By now it's undisputable that animals are sentient beings very much capable of feeling pain (I'm sure most dog owners can attest to that as well with no need to present the scientific data!). In addition, different animals have different levels of intelligence.


Some people do not believe it's moral to inflict pain on animals while raising them to be eaten (e.g. veal castrated without anesthesia, chicken's wings broken without anesthesia, etc, etc.).


Some people don't believe that "do unto others...." applies exclusively to humans.


It's not emotional, it's moral philosophy, which you're entitled to disagree with.

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4 years ago  ::  Oct 22, 2010 - 12:10PM #15
Girlchristian
Posts: 11,043

Oct 21, 2010 -- 5:39PM, solfeggio wrote:


I don't enjoy being a predator.  And I believe that humans' idea of other species being ours to exploit or regulate is all wrong.  


What we should be all about is regarding other species as fellow members of the moral community, based on their sentience.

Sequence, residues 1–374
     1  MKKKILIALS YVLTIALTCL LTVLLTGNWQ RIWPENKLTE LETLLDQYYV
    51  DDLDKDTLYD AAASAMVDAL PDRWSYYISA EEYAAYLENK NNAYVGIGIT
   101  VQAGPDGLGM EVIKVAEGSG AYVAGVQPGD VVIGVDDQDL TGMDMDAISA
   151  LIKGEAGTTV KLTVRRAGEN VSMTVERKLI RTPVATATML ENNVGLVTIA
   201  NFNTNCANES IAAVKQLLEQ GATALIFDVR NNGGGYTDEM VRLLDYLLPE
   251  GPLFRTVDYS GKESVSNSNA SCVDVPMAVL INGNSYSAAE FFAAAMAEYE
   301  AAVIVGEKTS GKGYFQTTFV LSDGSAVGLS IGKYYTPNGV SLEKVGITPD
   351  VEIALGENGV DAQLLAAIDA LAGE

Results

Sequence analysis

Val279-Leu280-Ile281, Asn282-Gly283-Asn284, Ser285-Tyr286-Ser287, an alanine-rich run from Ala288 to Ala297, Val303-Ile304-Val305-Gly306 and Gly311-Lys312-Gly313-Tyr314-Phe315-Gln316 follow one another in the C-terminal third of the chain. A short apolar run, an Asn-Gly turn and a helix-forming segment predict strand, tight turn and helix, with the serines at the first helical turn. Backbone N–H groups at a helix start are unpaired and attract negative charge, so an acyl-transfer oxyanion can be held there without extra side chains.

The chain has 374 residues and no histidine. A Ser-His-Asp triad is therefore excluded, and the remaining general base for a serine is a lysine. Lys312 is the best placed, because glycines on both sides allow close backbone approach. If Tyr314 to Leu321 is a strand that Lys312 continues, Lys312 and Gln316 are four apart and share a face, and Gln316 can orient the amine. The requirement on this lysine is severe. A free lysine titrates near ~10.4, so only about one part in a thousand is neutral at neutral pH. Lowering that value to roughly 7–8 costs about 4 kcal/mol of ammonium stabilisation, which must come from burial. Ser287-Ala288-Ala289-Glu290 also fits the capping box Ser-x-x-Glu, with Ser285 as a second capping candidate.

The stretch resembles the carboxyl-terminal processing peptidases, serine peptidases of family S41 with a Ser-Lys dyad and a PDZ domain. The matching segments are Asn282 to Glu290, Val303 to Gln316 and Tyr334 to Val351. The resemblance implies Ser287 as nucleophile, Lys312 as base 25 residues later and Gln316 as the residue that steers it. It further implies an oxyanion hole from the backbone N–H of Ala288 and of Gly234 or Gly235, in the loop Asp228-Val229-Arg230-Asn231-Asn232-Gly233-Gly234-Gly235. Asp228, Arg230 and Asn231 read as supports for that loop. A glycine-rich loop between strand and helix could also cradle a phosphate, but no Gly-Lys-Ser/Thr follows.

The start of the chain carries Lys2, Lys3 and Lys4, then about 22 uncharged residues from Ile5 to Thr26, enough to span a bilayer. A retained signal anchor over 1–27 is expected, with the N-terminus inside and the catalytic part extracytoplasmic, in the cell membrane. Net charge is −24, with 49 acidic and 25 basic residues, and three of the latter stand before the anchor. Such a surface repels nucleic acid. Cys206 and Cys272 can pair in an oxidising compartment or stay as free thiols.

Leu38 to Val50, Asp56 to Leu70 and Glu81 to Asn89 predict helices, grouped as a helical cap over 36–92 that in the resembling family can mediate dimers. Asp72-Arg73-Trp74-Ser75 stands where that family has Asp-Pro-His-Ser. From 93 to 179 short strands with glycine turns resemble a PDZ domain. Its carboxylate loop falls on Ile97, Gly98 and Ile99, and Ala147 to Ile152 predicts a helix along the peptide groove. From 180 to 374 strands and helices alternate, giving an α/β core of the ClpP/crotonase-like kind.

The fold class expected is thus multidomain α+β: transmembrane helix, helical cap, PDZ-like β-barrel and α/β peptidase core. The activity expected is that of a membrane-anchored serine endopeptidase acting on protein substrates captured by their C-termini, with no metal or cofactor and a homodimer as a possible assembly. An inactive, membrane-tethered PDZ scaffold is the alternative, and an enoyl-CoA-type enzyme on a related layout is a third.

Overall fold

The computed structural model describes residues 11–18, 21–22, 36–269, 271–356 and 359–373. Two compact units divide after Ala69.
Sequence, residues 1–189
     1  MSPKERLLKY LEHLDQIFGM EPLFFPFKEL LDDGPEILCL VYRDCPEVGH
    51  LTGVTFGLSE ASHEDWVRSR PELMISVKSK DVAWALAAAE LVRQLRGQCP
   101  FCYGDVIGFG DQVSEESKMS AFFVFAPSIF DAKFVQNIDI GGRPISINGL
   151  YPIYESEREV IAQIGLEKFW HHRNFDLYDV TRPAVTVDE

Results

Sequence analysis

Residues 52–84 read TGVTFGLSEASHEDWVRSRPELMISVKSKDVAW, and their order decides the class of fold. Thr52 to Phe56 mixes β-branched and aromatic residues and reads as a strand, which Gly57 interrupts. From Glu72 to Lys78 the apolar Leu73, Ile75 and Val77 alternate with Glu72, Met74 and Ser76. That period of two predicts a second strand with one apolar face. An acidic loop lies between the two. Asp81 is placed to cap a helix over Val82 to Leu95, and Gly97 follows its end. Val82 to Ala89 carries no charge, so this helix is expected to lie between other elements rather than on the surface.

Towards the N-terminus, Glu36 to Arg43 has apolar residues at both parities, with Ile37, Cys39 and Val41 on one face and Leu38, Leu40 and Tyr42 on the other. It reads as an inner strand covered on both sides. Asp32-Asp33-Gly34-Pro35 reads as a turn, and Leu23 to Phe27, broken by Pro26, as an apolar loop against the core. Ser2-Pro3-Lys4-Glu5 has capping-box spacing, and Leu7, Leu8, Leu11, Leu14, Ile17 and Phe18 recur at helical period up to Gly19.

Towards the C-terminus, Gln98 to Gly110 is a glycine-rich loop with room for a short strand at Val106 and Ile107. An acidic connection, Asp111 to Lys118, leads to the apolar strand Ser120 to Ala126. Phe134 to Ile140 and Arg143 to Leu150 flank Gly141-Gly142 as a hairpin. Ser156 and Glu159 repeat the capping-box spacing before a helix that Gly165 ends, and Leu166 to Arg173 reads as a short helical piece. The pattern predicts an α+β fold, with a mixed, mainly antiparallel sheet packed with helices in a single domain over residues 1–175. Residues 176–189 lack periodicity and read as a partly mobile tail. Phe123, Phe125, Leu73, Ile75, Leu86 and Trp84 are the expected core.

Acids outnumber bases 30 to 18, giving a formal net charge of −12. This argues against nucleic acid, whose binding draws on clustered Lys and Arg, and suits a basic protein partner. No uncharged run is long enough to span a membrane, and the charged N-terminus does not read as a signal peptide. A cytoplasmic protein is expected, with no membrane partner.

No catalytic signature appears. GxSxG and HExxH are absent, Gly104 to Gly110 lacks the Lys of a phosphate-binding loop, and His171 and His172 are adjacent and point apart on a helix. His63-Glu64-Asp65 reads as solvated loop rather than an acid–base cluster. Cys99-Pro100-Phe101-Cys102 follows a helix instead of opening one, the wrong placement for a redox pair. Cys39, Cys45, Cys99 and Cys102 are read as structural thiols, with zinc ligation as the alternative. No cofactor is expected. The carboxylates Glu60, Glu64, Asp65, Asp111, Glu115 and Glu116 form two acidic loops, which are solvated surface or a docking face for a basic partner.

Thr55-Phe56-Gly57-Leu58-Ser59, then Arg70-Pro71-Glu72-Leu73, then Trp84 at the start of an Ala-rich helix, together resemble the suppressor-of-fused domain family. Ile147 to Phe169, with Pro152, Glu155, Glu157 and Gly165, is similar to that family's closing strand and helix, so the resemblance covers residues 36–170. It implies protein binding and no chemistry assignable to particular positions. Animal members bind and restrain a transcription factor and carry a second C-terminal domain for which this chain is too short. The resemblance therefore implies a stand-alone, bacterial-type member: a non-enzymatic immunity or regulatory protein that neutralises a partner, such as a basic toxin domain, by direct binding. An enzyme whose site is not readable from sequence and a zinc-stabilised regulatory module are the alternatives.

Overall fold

As such, then, loving some, hating some, and eating others makes no sense.


And foolishly labelling rats, mice, squirrels and other rodents as 'vermin' is just another way of excusing killing them, when, in fact, they have just as much right to live their lives as cats, dogs, and other creatures that we 'love.'


Given that rats can devastate humans' food supplies, if humans really wanted to even make an effort to control rat populations, they would have long ago figured out some sort of birth control to render either the males or females sterile.  It could be in the form of tablets left about where rats congregate, and if the rats didn't breed, the populations would drop dramatically, because they have very short lifespans.


But, it's much more fun to use cruel poisons or traps on these intelligent creatures than to look for a more humane way of keeping them out of the grain supplies.





You assume that we use traps/poison because it's fun and people just love murdering rats and other rodents. Have you sat down and figured out what it would cost to attempt to make rodents sterile vs. the cost of using traps? Have you figured out a viable way to make that sterilization happen? Until there is a viable/cost-effective way to do so, people will use traps and poison because they're cheaper and easier...not because they get off doing so.

"No matter how dark the moment, love and hope are always possible." George Chakiris

“For those who believe, no proof is necessary. For those who don't believe, no proof is possible.” Stuart Chase